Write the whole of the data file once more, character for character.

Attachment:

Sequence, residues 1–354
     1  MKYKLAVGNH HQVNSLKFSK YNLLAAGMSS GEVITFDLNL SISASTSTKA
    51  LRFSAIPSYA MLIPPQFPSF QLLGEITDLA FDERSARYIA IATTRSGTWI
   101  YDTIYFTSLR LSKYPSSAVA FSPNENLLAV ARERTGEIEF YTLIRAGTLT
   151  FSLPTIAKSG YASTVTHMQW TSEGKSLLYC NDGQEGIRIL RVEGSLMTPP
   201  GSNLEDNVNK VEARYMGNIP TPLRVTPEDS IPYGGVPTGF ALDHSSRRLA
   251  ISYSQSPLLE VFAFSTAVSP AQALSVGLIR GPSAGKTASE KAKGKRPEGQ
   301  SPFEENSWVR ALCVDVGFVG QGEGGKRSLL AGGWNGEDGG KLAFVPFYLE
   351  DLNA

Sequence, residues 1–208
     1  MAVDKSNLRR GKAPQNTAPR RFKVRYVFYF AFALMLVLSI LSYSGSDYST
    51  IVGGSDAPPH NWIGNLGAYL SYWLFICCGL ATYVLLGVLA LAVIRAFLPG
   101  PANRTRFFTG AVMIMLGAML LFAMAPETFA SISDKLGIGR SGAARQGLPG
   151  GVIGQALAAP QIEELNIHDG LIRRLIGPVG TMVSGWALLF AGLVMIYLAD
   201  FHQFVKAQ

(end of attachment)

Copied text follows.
Sequence, residues 1–354
     1  MKYKLAVGNH HQVNSLKFSK YNLLAAGMSS GEVITFDLNL SISASTSTKA
    51  LRFSAIPSYA MLIPPQFPSF QLLGEITDLA FDERSARYIA IATTRSGTWI
   101  YDTIYFTSLR LSKYPSSAVA FSPNENLLAV ARERTGEIEF YTLIRAGTLT
   151  FSLPTIAKSG YASTVTHMQW TSEGKSLLYC NDGQEGIRIL RVEGSLMTPP
   201  GSNLEDNVNK VEARYMGNIP TPLRVTPEDS IPYGGVPTGF ALDHSSRRLA
   251  ISYSQSPLLE VFAFSTAVSP AQALSVGLIR GPSAGKTASE KAKGKRPEGQ
   301  SPFEENSWVR ALCVDVGFVG QGEGGKRSLL AGGWNGEDGG KLAFVPFYLE
   351  DLNA

Sequence, residues 1–208
     1  MAVDKSNLRR GKAPQNTAPR RFKVRYVFYF AFALMLVLSI LSYSGSDYST
    51  IVGGSDAPPH NWIGNLGAYL SYWLFICCGL ATYVLLGVLA LAVIRAFLPG
   101  PANRTRFFTG AVMIMLGAML LFAMAPETFA SISDKLGIGR SGAARQGLPG
   151  GVIGQALAAP QIEELNIHDG LIRRLIGPVG TMVSGWALLF AGLVMIYLAD
   201  FHQFVKAQ